In the research note, the investment bank’s analysts break out the fallout from various decisions.From the note:
The analysts also argue that a decision to uphold the law would actually be good for an industry that has fought elements of it:
While the oral arguments next week may give insight into where the Court is leaning, we continue to expect the final ruling by the end of the Court term in June. Among the possible outcomes, a recent informal poll of constitutional law experts suggests a Court decision to uphold the ACA is the most likely, which appears to be consistent with market consensus (e.g., over 70% of the more than 200 institutional investors we polled on this question at our one-day Healthcare CEO summit on January 5). However, if the Court rules against the ACA, we think the most likely outcome would
be a decision to strike down the individual mandate and also excise the related provisions requiring insurers to provide coverage to all applicants regardless of health status (no exclusions for “pre-existing” conditions).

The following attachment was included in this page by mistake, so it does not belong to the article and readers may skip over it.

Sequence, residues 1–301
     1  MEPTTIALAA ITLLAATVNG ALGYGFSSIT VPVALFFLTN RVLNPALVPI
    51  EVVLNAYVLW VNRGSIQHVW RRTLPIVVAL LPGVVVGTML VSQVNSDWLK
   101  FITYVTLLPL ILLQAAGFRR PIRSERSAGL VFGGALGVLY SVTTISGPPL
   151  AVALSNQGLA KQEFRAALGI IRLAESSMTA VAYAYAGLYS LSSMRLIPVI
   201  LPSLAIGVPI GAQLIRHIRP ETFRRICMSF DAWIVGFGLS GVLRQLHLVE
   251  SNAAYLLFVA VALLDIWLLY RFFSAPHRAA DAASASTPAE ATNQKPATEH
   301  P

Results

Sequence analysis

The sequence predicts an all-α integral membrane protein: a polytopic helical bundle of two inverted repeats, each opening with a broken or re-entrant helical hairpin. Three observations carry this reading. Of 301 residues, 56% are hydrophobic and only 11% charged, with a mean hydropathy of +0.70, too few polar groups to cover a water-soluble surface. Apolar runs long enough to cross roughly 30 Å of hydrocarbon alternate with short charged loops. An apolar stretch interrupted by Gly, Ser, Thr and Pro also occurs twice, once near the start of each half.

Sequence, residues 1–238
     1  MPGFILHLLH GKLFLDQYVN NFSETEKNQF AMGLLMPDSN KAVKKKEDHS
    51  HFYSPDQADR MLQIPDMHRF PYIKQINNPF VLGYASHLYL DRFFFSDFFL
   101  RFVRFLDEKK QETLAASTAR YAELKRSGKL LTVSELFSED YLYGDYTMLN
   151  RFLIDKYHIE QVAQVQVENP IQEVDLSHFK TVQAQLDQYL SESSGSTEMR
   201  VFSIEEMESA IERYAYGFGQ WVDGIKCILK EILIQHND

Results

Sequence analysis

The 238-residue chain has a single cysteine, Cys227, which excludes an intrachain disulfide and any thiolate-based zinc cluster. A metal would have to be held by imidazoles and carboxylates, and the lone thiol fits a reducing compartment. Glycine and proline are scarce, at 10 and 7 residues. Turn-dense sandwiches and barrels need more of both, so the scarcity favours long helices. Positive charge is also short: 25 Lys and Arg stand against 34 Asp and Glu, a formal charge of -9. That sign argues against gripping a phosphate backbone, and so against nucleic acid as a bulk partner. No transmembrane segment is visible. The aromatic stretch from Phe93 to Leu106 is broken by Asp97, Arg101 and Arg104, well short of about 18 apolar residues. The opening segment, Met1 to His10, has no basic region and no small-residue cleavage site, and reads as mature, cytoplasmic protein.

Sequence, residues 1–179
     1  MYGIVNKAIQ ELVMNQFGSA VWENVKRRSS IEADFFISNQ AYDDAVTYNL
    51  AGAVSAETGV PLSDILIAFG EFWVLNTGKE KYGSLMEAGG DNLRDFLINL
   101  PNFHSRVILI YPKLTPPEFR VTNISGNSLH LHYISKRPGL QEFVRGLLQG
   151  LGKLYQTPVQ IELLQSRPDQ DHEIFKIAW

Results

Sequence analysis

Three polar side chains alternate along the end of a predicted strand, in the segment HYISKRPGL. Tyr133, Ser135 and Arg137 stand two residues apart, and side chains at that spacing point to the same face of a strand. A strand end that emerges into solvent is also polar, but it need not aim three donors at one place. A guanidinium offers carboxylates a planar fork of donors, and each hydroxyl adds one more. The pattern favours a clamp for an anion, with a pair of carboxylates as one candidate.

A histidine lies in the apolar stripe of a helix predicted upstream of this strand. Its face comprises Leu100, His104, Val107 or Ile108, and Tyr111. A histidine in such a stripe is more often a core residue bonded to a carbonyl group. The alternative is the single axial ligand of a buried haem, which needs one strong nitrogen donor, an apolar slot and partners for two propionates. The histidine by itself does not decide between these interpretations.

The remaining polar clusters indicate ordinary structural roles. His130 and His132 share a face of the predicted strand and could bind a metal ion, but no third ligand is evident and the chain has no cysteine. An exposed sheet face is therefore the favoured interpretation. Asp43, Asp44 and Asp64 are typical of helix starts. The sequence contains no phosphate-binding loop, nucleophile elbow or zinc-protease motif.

We would expect a neutral-to-positive reaction for healthcare stocks on a decision to uphold, as we think it would reduce perceived uncertainty over the future of health reform (though still subject to November election outcomes). Among sub-sectors, hospital stocks could see the most upside on a ruling to uphold given the prospect of lower rates of uncompensated care (even though partly offset by lower Medicare rates). Conversely, we think healthcare stocks would trade lower on any ruling other than
“uphold,” with hospital stocks having the most downside. However, we see managed care stocks trading up on a Court ruling to strike down the individual mandate, provided the “guaranteed issue” provisions were excised as well.
- Nearly 70,000 people convicted of felonies but now on probation or parole are suing Louisiana for the right to vote.
- Attorney General Loretta Lynch said she'll accept FBI recommendations in the investigation of Hillary Clinton's private email servers.
- A federal judge halted Mississippi's anti-LGBT religious exemption law moments before it was set to go into effect.